Philaenis’s handbook for the voluptuary really pushed the outrage envelope, because it apparently included illustrations of sexual positions. Yes indeed: a Joy of Sex B.C., with how-tos for couples gay and straight. In the reign of Emperor Trajan the Roman poet Martial, who preened himself on hip vulgarity and flippant, ad hominem porn, found Philaenis’s matter-of-fact nonfiction and art so horrifying that he scurried home to write scurrilous epigrams about her.

Another writer from Samos, a poet called Aeschrion, was even more dismayed to have “his” home island named as Philaenis’s turf as well. In response, he wrote an epigram denying that she ever wrote lewd books or “did research” by consorting with men in that way.

For all the stir she caused, Philaenis was by no means the only gal to carry out such work. A talented female poet called Elephantis also did illustrated editions that focused on how to organize group sex. Wow. It got a mention from Roman historian Suetonius, author of the still-famous Lives of the Twelve Caesars. In his biography of Emperor Tiberius, he said that the nasty old voyeur owned a copy of her “learn through pictures” book. It got heavy use on the isle of Capri at his sexual pleasure park, where youngsters were forced to engage in group sex. According to Suetonius, it was used as a reference, “so that no one should lack a model for the execution of any lustful act he was ordered to perform.”

Other feminine porn artists included Nico of Samos, called a writer of lewd books by Xenophon; and Astynassa, who took on the literary persona of Helen of Troy’s personal maid to pen her book on sexual positions.

Although only a smidgen of biographical data has surfaced about male pornographers, nevertheless they did crank out a disreputable number of raunchy little books. Their numbers included authors Sabellus, Musaeus, Mummius, Sotades of Mantinea, Timon of Phlius, Botrys, and a fellow from fabled Sybaris called Hemitheon. The latter wrote a homoerotic novel called Sybaritica, cited for its “lubricity” by writers Martial and Lucian.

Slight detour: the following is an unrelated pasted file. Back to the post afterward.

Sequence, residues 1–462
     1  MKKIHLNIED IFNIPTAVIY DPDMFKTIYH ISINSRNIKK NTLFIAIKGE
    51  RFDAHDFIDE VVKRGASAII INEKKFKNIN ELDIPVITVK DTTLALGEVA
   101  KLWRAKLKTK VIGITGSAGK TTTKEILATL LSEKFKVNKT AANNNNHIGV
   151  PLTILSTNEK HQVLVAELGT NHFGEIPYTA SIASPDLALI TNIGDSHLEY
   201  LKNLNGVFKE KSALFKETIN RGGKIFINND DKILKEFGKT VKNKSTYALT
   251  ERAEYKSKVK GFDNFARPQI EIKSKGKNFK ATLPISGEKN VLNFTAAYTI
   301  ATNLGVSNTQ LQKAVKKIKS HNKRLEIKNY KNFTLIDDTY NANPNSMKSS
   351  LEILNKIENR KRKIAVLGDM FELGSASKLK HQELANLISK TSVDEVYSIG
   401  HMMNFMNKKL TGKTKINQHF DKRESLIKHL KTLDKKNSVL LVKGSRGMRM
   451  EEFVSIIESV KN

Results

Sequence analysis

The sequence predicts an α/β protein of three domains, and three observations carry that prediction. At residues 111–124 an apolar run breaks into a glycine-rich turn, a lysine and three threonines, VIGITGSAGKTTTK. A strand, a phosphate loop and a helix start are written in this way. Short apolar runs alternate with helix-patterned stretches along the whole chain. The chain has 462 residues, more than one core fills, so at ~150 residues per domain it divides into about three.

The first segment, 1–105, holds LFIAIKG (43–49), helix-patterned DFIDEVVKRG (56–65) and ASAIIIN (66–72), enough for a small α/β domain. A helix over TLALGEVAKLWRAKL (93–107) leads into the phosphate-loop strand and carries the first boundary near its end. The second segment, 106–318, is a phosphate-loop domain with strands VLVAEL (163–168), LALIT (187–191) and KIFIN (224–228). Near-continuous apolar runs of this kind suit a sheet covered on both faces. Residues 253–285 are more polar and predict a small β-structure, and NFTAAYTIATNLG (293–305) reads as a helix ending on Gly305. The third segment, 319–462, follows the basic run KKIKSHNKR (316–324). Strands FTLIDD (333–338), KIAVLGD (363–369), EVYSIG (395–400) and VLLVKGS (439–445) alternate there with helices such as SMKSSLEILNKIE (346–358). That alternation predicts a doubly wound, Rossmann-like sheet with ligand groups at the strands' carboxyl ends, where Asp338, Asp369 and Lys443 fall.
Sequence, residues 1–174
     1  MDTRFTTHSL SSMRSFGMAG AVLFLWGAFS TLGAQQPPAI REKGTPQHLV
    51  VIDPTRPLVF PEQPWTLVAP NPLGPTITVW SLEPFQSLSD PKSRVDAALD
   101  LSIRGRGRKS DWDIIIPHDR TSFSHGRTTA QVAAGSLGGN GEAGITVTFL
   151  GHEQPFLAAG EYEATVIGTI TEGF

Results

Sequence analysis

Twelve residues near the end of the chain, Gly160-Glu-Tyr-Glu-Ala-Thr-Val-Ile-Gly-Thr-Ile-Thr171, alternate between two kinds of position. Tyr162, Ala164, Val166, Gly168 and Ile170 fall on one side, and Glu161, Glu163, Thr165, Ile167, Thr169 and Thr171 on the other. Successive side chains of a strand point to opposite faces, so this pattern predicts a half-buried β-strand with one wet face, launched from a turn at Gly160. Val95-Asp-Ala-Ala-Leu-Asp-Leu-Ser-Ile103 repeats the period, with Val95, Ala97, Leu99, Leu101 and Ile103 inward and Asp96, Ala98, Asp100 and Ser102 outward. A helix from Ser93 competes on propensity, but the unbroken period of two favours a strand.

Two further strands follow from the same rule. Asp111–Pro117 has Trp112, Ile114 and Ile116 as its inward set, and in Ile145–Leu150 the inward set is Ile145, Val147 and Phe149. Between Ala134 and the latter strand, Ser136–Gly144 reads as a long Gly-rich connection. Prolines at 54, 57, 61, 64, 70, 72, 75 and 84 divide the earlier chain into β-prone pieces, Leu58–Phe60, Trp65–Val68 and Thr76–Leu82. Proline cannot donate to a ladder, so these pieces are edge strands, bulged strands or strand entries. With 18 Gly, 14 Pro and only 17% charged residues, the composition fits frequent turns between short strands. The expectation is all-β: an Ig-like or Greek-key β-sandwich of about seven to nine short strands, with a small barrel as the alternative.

Purveyors of pornography back then evidently felt compelled to describe the postures of venery, as sex positions were called, and brag about the number they’d included in their book. Author Paxamus, for example, boasted of twelve positions in his tome calledDodecatechnon (Twelve Techniques). The poet Martial also commented on “the debauched books of Elephantis, with nine postures.”

So what were the favorite Greco-Roman positions, anyway? Judging by the extant paintings and illustrations, one called the Rider was extremely popular. The woman sat proudly above the man, who was supine on his back. If she faced him, the pose was calledVenus pendula conversa; if away, it was Venus pendula aversa. (See the amount of Latin you can learn if the topic is gripping enough?)

Another subset of titillating tales also became popular in the second century B.C. The first may have been written by Aristides of Miletus, a luxurious Greek city-state in Asia Minor. Called Milesiaka (Milesian Tales), they were collections of short stories, told in the first person, using ribald language and salacious anecdotes of love and adventure. They appealed to male readers, these trashy novels; some were even found in the gear carried by legionaries.

As mentioned in the entry on masturbation, early porn books often enhanced private moments for many a lustful Roman or Greek, engaging in what the Victorians liked to call “self-pollution.”